If you are like most bicyclists, you probably think that you are safer riding in a bike lane than you are when riding down a street that does not have one. Unfortunately, this perception represents a flawed one and could be completely untrue according to the results of a recent study.
While visually appealing, painted bike lanes provide you with no real protection from other vehicles that share the road with you.
After studying 60 bicycle riders over five months, researchers recorded over 18,500 “car-bike overtaking events.” The contrast between vehicles overtaking a cyclist riding in a designated bike lane and one riding on a road without one was startling, as follows:
- When drivers overtook a cyclist on a road without a bicycle lane, they left 5.5 feet, on average, between their vehicle and the bike when passing it.
- When drivers overtook a cyclist riding in a bicycle lane, they left only an average of 3.5 feet between their vehicle and the bike when passing it.
- When negotiating streets and roads with narrow lanes or speed limits above 35 miles per hour, drivers left the least amount of space between themselves and cyclists when passing them, whether or not they rode in a bike lane.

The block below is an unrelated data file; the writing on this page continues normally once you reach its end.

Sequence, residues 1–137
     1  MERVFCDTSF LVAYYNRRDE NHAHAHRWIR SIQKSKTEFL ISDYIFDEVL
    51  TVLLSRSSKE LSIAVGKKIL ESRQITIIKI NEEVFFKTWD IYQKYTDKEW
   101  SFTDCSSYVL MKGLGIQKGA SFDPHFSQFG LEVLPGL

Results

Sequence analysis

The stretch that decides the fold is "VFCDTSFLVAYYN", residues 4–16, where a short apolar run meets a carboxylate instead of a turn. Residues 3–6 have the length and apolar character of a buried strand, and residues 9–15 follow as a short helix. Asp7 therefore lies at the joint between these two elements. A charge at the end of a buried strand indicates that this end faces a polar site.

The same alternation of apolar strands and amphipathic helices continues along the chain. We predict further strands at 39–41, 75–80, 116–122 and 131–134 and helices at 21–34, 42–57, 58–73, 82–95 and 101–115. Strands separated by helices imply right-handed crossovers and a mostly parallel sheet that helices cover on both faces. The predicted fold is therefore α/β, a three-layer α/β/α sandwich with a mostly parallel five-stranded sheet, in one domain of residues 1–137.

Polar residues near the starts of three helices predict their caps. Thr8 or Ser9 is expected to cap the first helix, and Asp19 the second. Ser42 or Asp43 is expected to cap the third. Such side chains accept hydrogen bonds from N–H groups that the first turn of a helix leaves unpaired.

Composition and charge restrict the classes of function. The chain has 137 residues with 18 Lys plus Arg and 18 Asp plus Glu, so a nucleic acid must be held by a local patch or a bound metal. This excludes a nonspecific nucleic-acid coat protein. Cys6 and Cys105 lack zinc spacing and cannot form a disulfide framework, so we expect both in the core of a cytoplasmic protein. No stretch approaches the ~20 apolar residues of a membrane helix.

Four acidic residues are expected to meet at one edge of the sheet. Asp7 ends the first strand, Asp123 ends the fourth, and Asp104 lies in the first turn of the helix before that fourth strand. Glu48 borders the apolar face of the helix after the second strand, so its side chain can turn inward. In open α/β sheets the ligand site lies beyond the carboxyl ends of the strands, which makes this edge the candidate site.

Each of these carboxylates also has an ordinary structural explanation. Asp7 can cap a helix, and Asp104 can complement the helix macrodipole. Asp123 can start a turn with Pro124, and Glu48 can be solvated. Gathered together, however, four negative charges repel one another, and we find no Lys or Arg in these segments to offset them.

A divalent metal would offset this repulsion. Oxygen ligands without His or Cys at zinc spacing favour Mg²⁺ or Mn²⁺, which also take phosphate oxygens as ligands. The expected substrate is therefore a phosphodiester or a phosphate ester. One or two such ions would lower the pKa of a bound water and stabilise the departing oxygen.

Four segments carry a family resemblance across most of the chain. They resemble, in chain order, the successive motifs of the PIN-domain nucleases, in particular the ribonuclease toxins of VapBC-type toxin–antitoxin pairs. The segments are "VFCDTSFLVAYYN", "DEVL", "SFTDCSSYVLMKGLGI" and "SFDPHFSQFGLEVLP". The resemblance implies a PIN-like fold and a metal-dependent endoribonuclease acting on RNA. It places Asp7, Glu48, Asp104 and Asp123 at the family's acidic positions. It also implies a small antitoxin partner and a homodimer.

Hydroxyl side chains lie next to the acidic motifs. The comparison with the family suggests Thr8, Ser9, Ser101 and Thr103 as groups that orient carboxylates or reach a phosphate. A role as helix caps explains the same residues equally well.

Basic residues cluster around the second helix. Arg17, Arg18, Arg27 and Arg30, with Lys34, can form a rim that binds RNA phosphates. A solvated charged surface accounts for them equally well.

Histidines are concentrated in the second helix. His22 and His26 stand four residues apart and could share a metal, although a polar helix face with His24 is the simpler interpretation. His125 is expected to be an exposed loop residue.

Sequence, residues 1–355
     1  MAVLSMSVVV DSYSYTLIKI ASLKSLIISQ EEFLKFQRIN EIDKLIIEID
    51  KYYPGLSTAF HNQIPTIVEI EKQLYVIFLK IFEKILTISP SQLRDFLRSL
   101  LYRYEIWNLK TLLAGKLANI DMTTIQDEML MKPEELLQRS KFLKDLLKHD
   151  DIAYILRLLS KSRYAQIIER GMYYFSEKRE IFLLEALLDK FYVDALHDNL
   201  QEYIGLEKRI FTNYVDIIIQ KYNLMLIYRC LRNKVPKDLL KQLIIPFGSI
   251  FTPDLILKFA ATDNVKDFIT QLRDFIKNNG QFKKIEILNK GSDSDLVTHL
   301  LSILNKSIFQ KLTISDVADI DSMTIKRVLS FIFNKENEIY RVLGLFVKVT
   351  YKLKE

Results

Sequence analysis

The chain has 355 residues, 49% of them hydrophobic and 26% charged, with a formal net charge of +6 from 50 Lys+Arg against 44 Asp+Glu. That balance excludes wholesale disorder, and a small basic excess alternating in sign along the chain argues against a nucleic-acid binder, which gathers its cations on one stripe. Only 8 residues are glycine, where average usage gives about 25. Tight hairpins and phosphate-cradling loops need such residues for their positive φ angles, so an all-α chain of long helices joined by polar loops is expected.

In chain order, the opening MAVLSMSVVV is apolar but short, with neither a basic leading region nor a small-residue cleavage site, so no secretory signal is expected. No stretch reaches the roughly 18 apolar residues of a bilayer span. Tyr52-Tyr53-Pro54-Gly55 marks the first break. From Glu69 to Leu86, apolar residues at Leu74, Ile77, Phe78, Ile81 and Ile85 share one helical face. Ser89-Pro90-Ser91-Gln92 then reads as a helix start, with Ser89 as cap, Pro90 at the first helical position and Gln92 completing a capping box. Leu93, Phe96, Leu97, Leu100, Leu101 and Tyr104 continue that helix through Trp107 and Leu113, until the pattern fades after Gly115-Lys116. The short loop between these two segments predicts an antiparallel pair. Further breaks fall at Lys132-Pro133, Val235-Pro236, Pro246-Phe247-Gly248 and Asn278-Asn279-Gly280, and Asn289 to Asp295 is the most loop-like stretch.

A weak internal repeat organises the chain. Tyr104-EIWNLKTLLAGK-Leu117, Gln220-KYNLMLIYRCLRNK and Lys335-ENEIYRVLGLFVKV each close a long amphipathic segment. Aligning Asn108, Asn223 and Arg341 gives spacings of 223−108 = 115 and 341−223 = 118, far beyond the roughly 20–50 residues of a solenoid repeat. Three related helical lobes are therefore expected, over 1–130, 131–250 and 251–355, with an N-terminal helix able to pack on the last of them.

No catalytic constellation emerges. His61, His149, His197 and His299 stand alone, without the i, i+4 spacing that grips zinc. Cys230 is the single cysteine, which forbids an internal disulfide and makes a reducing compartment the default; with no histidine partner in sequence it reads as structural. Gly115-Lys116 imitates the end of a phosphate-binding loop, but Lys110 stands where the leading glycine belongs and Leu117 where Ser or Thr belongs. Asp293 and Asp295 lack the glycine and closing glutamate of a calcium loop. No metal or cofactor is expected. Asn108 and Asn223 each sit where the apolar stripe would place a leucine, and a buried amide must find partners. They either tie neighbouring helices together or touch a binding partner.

- Buses and SUVs represented the biggest culprits, their drivers being far less likely to maintain a safe cushion when passing a cyclist.
Bike lane illusions
Painted bike lanes cannot prevent vehicle-bike collisions. Instead, they give drivers and cyclists alike a false sense of security. Experts warn you to take your own safety seriously and always engage in proactive safe riding. For instance, never use your cellphone while riding, either to talk or to text. Distracted cycling, like distracted driving, can cause you to unknowingly veer out of your bike lane. Experts also highly recommend that states and municipalities invest the resources necessary to install physical barriers between your bike lane and the nearest traffic lane.